There has been much eloquence as a succession of school leaders sought to explain the grotesque level of absenteeism in the schooling sector. But it is hard to explain the inexplicable to parents and taxpayers and those who employ young people.
It beggars belief that these levels of wilful disobedience and disregard for the law have grown to such proportions. I can only conclude that the answer lies in what happens at school.
If students found school to be engaging, if they engaged with the programmes rather than disengaging, if they saw pathways opening up to future careers, if they could respect their parents…. And so on….. but there is a crying need for things to be different.
Over the past 50 or so years, some bad decisions have been made. In the 1990s there was a high escalation in the numbers of students staying in the secondary school. From having about 12.5% of the cohort staying in secondary school for 5 years, the number in a decade exploded to 65.0%. But the development of appropriate programmes lagged. Staying longer in school did not promote better results! More is more, not better.
From about the same time, secondary schools progressively turned their backs on Vocational and Technical subjects to concentrate on the academic pathway which was good for some and disastrous for many. Consider the success of trades academies where secondary students step outside the school to engage in vocational and technical education. The programmes speak for themselves – when the hands are brought into use the brain engages to great effect. But it goes deeper than this.
Research tells a rather sad story. Now, in my view, the students who are finding success in the trade’s academies are probably a little over-enthusiastic about that experience in the tertiary environment and a little understated in their reflections when comparing their school experience. Students tell me that in the trades academy they always know why they are learning that skill or grappling with this piece of knowledge. By contrast and for many, schooling is one for no obvious reason.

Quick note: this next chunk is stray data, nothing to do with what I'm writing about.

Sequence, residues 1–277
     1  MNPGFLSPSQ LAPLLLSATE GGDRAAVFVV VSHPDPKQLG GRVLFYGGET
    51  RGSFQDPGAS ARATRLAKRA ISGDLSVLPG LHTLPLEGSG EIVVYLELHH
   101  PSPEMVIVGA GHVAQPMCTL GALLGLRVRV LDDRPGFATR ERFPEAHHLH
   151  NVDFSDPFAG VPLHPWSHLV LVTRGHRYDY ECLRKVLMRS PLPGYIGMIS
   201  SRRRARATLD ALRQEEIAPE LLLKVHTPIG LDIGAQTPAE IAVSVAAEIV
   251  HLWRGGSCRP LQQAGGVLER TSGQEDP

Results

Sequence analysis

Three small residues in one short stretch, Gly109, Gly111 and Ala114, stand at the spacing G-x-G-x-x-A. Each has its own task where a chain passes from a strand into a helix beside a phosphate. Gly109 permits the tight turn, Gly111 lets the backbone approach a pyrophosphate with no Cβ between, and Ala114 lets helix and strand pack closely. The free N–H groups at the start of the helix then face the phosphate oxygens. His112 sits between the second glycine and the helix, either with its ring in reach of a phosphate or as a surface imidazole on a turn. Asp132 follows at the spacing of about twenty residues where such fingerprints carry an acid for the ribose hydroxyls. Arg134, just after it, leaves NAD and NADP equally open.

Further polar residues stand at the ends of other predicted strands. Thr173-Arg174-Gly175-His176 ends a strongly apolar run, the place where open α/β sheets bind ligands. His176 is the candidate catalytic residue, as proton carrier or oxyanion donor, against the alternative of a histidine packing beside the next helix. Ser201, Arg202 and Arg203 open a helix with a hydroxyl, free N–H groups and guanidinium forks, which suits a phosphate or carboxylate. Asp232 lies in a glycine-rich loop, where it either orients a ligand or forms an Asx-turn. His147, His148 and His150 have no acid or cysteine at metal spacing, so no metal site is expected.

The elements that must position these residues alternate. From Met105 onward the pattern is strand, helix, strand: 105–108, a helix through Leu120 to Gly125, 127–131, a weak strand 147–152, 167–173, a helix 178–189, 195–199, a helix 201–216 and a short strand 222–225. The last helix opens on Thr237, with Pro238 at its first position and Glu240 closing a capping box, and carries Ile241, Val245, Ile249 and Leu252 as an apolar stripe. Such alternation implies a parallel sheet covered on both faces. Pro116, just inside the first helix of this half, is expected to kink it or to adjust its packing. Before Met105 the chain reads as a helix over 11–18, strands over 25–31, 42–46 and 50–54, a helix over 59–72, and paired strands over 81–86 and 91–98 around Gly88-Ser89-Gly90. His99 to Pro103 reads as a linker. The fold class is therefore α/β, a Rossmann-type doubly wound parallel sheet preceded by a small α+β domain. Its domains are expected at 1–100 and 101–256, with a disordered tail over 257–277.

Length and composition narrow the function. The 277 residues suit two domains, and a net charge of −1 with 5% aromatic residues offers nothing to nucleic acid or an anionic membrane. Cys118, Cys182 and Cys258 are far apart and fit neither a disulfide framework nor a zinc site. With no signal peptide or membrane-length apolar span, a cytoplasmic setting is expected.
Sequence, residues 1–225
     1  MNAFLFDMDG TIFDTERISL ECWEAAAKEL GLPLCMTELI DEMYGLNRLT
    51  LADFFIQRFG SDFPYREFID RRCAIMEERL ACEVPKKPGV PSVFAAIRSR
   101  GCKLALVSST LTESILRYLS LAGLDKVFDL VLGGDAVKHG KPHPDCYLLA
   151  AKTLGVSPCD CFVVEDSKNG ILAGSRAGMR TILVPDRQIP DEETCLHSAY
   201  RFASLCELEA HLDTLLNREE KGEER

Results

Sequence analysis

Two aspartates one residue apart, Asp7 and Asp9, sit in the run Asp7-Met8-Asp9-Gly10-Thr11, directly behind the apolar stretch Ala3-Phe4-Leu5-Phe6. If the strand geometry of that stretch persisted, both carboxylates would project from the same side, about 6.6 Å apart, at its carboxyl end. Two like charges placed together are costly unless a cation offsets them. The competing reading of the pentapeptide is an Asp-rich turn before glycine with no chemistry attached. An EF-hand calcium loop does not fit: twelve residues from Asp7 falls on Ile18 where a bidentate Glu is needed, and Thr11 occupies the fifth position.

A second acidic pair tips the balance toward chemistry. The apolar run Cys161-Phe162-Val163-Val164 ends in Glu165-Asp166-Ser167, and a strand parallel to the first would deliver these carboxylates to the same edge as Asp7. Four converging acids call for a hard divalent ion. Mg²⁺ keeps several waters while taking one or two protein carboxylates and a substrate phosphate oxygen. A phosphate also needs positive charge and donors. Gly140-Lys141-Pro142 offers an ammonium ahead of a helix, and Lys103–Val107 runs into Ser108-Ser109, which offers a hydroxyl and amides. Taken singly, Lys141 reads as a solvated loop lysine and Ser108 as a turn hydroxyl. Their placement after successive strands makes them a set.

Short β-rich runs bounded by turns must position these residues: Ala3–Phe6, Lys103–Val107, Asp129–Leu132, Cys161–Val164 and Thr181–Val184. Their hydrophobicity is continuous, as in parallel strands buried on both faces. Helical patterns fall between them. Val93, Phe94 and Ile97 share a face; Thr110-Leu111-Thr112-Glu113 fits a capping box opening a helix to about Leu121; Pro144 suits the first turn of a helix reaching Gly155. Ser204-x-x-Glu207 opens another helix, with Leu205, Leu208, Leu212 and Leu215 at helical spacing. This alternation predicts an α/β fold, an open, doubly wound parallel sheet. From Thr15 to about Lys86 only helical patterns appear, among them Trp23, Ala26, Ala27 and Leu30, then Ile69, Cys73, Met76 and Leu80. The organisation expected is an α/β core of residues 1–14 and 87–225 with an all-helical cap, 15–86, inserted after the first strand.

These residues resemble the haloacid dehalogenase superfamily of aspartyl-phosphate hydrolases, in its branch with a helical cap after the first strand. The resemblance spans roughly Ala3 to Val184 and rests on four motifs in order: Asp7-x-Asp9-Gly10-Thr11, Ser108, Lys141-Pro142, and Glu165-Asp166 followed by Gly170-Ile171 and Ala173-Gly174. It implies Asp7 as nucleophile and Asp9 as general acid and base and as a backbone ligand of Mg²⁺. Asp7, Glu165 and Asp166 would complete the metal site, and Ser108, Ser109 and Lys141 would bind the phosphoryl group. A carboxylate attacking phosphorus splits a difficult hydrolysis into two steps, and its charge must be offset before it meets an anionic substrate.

Students want to have reassurance about the pathways that they are encountering – they know that the line of sight to a career and a job matters. But the Vocational Pathways tool which promised much seems to have been somewhat side-lined.
New Zealand was slow to engage with the issues of NEETs – those in the 15-24 years old who are not in education, employment or training crept up and were well and truly established before the phenomenon demanded a response (which came in 2007). They have proved to be remarkably resistant to a lasting solution.
And this is largely the same reason that truancy initiatives have largely failed, why disengagement still haunts the statistics of student outcomes, and why 13 years of schooling seems to be insufficient for too many.
Granted that change in schools is damnably difficult. Given that Charles Payne was right to conclude that when it comes to education it is a sad and sorry picture of “So much reform: So little change.”
Must making a difference be beyond us?